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Realizable Expectations

3/13/2006 - 6:43 AM PST

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+J.M.J.+

By Monsignor Charles M. Mangan
Catholic Online

“These forty days of Lent, O Lord,” is not only the title of a famous hymn that is sung often during these six penitential weeks but is also a recurring thought in my mind. These forty Lenten days are so many treasures that afford us fresh opportunities for prayer, fasting and almsgiving.

Good habits begun during Lent under the inspiration of the Holy Spirit can stay with us throughout the rest of the year.

How we need to be purified by Jesus so that we can live as He has equipped us and desires us to live!

Recently, I received a prayer and a meditation that reminded me that the Lord expects much from me. And that which He expects is truly realizable when I surrender to His ever-abundant grace.

Mr. and Mrs. Brian (Karyn) O’Neel sent the following prayer, “A Morning Resolve,” to me. (I am unaware of the identity of the author.)

A Morning Resolve

I will try this day to live a simple, sincere and serene life, repelling promptly every thought of discontent, anxiety, discouragement, impurity and self seeking; cultivating cheerfulness, magnanimity, charity and the habit of holy silence; exercising economy in expenditure, generosity in giving, carefulness in conversation, diligence in appointed service, fidelity to every trust and a childlike faith in God.

In particular I will try to be faithful in those habits of prayer, work, study, physical exercise, eating and sleeping which I believe the Holy Spirit has shown me to be right.

And as I cannot in my own strength do this, nor even with a hope of success attempt it, I look to Thee, O Lord God, my Father, in the name of Jesus my Savior, and ask for the gift of the Holy Spirit. Amen.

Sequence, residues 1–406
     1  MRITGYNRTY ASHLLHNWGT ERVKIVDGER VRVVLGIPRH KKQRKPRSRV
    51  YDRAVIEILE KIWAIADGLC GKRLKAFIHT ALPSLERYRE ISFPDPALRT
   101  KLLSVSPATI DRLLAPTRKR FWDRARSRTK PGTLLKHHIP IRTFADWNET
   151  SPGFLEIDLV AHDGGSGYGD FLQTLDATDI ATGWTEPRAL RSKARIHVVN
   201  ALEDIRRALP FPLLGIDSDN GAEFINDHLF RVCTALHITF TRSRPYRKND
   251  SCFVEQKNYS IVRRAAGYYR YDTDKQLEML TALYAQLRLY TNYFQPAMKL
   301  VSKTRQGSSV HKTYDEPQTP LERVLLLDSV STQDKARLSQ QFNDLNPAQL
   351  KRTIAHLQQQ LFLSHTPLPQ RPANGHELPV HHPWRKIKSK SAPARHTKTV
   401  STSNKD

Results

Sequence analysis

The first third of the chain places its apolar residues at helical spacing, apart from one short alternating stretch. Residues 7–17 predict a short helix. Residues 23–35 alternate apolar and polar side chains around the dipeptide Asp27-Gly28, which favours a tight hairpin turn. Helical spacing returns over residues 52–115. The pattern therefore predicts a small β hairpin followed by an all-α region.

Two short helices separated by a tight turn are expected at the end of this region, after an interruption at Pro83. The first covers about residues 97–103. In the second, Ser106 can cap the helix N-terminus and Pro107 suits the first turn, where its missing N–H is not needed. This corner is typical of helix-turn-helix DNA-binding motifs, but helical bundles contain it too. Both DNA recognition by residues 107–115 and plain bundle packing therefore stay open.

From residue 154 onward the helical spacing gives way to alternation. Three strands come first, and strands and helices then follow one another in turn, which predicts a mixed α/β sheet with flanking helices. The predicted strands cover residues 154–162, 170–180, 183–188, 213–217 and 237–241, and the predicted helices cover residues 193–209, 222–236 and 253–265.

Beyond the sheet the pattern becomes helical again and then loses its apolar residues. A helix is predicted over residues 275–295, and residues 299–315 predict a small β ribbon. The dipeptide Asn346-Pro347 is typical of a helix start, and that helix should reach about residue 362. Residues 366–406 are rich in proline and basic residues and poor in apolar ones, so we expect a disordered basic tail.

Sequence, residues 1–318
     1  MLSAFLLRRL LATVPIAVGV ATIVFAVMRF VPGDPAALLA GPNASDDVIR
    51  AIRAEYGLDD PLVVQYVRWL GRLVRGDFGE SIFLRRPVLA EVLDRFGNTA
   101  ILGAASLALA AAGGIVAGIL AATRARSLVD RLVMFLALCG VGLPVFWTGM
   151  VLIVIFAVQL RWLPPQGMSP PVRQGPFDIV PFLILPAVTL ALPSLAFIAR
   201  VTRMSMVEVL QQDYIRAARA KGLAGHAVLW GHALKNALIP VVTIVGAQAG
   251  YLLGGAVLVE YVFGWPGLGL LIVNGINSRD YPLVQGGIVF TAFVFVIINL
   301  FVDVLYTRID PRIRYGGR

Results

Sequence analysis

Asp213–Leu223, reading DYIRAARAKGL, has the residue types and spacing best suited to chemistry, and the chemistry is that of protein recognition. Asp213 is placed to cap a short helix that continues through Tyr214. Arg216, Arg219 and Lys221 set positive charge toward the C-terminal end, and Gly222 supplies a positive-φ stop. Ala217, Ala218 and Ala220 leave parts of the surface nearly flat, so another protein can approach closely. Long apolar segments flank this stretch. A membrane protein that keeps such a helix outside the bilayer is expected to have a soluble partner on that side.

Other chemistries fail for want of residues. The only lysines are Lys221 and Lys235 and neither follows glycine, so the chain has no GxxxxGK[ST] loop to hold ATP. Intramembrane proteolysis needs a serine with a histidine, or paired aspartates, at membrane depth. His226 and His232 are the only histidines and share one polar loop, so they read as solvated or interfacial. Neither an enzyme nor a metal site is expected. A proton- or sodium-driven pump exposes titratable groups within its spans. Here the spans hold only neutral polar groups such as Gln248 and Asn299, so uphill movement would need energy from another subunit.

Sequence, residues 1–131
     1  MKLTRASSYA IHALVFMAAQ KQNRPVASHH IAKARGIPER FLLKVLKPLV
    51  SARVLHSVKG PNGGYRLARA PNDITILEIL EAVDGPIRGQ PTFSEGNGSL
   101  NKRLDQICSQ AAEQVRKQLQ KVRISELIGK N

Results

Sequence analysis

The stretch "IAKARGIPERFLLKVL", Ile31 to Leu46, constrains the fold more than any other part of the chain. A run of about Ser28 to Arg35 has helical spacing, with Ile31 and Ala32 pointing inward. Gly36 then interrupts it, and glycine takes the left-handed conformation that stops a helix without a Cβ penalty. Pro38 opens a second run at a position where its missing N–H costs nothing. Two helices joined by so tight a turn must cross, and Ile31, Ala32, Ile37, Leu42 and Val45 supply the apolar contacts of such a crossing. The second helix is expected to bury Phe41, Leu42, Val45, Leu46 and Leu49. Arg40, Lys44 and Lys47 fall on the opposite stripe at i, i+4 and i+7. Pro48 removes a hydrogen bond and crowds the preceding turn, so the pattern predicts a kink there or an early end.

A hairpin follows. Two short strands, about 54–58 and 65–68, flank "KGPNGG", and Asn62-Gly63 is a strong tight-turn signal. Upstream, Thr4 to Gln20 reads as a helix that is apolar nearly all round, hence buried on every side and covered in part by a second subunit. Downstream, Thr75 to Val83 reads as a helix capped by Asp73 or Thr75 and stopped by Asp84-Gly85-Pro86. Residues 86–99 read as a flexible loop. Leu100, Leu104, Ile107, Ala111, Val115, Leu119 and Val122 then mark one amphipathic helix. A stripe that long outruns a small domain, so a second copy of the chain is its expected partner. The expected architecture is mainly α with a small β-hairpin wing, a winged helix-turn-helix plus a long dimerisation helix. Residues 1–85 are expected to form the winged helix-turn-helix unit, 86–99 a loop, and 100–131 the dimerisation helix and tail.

Anna Brizzi, a member of the Secular Institute named the Father Kolbe Missionaries of the Immaculate, forwarded this meditation to me. (The author is given as William Arthur Ward.)

Fast from judging others; feast on the Christ dwelling within them.
Fast from emphasis on differences; feast on the unity of all life.
Fast from apparent darkness; feast on the reality of light.
Fast from thoughts of illness; feast on the healing power of God.
Fast from words that pollute; feast on phrases that purify.
Fast from discontent; feast on gratitude.
Fast from anger; feast on patience.
Fast from pessimism; feast on optimism.

Fast from worry; feast on divine order.
Fast from complaining; feast on appreciation.
Fast from negatives; feast on affirmatives.
Fast from unrelenting pressures; feast on unceasing prayer.
Fast from hostility; feast on non-resistance.
Fast from bitterness; feast on forgiveness.
Fast from self-concern; feast on compassion for others.
Fast from personal anxiety; feast on eternal Truth.

Fast from discouragement; feast on hope.
Fast from facts that depress; feast on verities that uplift.
Fast from lethargy; feast on enthusiasm.
Fast from suspicion; feast on truth.
Fast from thoughts that weaken; feast on promises that inspire.
Fast from shadows of sorrow; feast on the sunlight of serenity.
Fast from idle gossip; feast on purposeful silence.
Fast from problems that overwhelm; feast on prayer that undergirds.

With the help of Jesus Christ granted through His Ever-Virgin Mother, we will meet the spiritual challenges set before us.

Contact

Mary's Field
http://www.catholic.org  , VA
Monsignor Charles M. Mangan - Official, 390 66616-1125

Email

fathermangan@catholic.org

Keywords

Lent; Prayer; Spiritual Surrender

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